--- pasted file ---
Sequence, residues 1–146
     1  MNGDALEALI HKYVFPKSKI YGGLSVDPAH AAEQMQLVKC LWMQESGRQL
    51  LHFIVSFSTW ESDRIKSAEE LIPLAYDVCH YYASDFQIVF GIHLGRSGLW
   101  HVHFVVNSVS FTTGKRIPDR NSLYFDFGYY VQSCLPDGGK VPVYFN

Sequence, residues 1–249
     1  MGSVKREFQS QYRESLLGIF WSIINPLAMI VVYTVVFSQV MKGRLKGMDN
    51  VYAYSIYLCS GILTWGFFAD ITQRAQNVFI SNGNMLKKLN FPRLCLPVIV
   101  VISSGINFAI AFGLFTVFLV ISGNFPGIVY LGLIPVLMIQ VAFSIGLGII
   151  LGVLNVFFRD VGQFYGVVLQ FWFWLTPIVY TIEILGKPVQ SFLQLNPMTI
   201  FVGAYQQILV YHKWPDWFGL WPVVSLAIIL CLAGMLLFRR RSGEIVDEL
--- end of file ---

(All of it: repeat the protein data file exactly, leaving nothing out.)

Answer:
Sequence, residues 1–146
     1  MNGDALEALI HKYVFPKSKI YGGLSVDPAH AAEQMQLVKC LWMQESGRQL
    51  LHFIVSFSTW ESDRIKSAEE LIPLAYDVCH YYASDFQIVF GIHLGRSGLW
   101  HVHFVVNSVS FTTGKRIPDR NSLYFDFGYY VQSCLPDGGK VPVYFN

Sequence, residues 1–249
     1  MGSVKREFQS QYRESLLGIF WSIINPLAMI VVYTVVFSQV MKGRLKGMDN
    51  VYAYSIYLCS GILTWGFFAD ITQRAQNVFI SNGNMLKKLN FPRLCLPVIV
   101  VISSGINFAI AFGLFTVFLV ISGNFPGIVY LGLIPVLMIQ VAFSIGLGII
   151  LGVLNVFFRD VGQFYGVVLQ FWFWLTPIVY TIEILGKPVQ SFLQLNPMTI
   201  FVGAYQQILV YHKWPDWFGL WPVVSLAIIL CLAGMLLFRR RSGEIVDEL